Happy new year, 2017! Time to dust off the sports shoes, crack open the healthy eating cookbooks, book that dentist appointment and think about getting help solving that long term health issue.


Weather it is chronic pain, injury prevention, poor core stability or perhaps bladder and bowel weakness, we often put our own health problems on the back burner, only to see them appear on that new year’s resolution list to somehow make you get onto it this year. So why do we wait so long when it comes to our own health issues? Why does it take a ‘resolution’ to finally get help? And is ‘now’ as perfect a time as any to finally get the help you need, and get back to a healthier, more happy you!


Why it takes a resolution.

According to psychologists, there are a number of reasons as to why we don’t attend to our own health care needs over other, more menial tasks.


One of the reasons that stood out to me was that as an individual and a society we lack self-compassion. I see this over and over again in my clinic, among my friends and family, and actually… when I think about it… within myself. We seem to have this default setting that makes us become extremely hard on ourselves, unforgiving and lacking compassion. We strive for the next goal, pull ourselves in for the next challenge, place way too much on our plates, and when we succeed, we rarely celebrate it. When we fail, we take it hard, and we often view it as a failure of our self, rather than a failure of our circumstances. Now I am not saying that striving for success, goal setting and challenging yourself is necessarily a bad thing- it can be a very good thing. It is what leads to growth both as a society and as individuals. But do we place excessive expectations on ourselves, set up unrealistic goals and favour competitiveness against ourselves and others? This is what can lead to suffering.


Now… amplify this lack of self compassion with the high paced, technological world we live in. We spend many moments task managing, running between places and taking on new jobs before the first has finished. With our mobile office conveniently packed into our smartphones, we have the ability to take our work and emails everywhere we go, often checking job lists or emails before we close our eyes at night or first thing when we wake up.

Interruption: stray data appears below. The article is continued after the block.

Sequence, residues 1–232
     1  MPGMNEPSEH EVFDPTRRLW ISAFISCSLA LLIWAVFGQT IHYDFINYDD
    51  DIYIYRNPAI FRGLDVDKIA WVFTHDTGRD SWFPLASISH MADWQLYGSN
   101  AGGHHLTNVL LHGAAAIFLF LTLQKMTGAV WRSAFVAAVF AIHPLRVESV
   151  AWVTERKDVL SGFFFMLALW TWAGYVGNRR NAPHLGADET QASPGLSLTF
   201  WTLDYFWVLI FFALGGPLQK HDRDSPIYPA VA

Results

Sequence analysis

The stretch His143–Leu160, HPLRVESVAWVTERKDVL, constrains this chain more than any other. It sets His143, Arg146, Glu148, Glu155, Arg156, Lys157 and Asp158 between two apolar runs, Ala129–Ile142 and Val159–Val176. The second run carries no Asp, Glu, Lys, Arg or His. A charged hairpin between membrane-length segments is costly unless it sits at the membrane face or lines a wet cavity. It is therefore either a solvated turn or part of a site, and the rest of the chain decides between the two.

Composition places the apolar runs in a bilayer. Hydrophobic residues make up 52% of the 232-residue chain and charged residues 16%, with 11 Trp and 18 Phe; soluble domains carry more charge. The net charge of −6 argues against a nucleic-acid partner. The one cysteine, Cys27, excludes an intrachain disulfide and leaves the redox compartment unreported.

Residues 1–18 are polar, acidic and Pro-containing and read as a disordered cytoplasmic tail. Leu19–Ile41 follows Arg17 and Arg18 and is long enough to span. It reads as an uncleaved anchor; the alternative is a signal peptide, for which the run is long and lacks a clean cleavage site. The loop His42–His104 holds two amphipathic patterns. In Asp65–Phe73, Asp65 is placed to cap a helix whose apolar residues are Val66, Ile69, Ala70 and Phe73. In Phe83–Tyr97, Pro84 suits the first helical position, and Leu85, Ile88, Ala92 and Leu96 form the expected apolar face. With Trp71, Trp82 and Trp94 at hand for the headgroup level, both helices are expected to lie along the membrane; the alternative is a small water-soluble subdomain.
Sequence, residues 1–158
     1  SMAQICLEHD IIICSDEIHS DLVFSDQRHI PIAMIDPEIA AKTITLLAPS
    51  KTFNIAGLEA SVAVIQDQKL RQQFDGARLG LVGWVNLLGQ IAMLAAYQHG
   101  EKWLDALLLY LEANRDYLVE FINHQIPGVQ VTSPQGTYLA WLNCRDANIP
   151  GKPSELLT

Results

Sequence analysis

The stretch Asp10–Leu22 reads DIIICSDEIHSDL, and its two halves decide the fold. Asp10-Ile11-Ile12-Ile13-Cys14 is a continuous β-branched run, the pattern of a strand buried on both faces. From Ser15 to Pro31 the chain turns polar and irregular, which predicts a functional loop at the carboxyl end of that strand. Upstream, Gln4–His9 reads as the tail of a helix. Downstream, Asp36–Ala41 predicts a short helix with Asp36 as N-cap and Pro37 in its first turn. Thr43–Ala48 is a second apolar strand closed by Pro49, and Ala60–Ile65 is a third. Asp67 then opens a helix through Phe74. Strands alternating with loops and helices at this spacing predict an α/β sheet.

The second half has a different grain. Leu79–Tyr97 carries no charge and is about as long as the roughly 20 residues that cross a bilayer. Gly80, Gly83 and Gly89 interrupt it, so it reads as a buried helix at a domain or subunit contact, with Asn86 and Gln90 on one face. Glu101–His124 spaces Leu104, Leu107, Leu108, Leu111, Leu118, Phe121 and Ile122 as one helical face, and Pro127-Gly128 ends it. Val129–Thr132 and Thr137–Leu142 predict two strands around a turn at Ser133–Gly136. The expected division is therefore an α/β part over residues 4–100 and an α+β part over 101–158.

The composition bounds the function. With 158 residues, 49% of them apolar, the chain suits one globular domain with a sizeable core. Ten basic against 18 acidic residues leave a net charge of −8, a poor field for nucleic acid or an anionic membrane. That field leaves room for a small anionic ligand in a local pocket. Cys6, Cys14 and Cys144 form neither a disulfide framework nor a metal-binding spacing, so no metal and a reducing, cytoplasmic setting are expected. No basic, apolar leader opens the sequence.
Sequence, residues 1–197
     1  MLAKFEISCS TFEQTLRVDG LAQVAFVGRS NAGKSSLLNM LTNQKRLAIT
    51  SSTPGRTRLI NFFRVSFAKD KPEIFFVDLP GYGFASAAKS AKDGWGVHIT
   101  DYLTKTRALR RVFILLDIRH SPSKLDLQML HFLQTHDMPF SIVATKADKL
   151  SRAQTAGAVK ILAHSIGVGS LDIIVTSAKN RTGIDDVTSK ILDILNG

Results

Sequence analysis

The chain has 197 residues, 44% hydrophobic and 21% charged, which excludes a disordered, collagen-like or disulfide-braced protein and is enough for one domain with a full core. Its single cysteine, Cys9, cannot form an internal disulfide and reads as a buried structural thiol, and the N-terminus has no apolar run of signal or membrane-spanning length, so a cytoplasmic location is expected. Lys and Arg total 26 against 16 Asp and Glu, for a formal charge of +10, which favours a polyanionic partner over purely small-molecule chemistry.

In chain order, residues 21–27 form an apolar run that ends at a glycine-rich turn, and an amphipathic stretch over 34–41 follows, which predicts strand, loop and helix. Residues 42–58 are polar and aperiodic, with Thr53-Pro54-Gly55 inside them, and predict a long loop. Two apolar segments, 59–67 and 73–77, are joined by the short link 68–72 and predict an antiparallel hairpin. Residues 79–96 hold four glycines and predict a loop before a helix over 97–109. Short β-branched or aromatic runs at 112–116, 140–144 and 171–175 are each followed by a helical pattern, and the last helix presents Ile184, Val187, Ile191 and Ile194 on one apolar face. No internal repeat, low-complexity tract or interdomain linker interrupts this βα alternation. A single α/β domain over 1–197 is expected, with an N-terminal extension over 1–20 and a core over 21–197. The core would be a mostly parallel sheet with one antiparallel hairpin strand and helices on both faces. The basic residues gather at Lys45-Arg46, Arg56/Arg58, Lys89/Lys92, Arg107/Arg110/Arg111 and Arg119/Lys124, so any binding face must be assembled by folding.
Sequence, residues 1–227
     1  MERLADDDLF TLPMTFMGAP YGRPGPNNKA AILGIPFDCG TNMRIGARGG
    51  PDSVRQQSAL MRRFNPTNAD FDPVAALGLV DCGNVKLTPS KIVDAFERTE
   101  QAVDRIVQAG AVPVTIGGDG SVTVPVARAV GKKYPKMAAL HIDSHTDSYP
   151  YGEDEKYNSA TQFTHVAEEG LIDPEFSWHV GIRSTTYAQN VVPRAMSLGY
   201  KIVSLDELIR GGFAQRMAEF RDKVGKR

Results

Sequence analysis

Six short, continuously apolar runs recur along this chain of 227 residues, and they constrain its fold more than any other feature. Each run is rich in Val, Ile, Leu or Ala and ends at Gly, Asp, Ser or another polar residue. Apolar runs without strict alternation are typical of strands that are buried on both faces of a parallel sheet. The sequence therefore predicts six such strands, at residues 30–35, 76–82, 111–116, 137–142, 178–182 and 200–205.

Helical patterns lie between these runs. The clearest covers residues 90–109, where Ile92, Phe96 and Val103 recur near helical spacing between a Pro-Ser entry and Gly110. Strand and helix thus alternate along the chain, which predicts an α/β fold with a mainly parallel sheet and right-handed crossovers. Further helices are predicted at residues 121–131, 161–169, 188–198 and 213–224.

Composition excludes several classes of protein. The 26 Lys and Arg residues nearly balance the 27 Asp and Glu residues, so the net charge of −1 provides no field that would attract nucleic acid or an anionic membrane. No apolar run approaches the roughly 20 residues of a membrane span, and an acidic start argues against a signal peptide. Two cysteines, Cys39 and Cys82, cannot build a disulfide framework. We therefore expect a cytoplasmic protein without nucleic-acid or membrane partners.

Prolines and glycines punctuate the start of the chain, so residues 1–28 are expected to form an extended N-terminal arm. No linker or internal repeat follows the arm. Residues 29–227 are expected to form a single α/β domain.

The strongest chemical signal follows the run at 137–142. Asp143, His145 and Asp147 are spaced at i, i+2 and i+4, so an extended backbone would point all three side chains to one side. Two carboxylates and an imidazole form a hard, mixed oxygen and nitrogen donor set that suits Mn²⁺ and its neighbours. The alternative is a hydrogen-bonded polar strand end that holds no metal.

When do we have time for us? Or indeed, do we think we deserve time for us?


Embracing self compassion.

Taking time to embrace self compassion, mindfulness and ‘time for you’ can seem on the surface to be counter-productive to the endless list of jobs that you need to get done, but in actual fact, self compassion and mindfulness has the ability to greatly enhance our productivity.


For those of you who are new to mindfulness… mindfulness is simply bringing awareness to the present moment, weather that be the breath, the sounds, your thoughts, your sensations or just the world around you, without judgement, without competition, and simply resting in that awareness.

Mindfulness has a profound ability to strengthen the connection between the mind and body, and gives us time and space to gain clarity, calmness and peace. This is a wondrous place to inspire creativity, inspiration, self-compassion, drive, recovery, kindness and eventually, happiness.


This year…

So within 2017’s new year’s resolution, I urge everyone to take some time to recalibrate. Bring some awareness to your life and some peace to your heart and ask yourself if you lack or embrace self-compassionate. Some may even ask the question: “Would you ever speak to anyone else the way you speak to yourself?”


If we can embrace self compassion, perhaps we can embrace a more positive, peaceful and creative you. This leads to good health outcomes for your mind and heart, and perhaps will finally give you the prompt to get help for that long standing health concern. This might be the best new year’s resolution of all…


Coming up…

In my next blog I am going to open up the ‘chronic pain can of worms’, and start a conversation that asks… Is it all in my head? Until then…


Be kind to yourself,

Julia Berger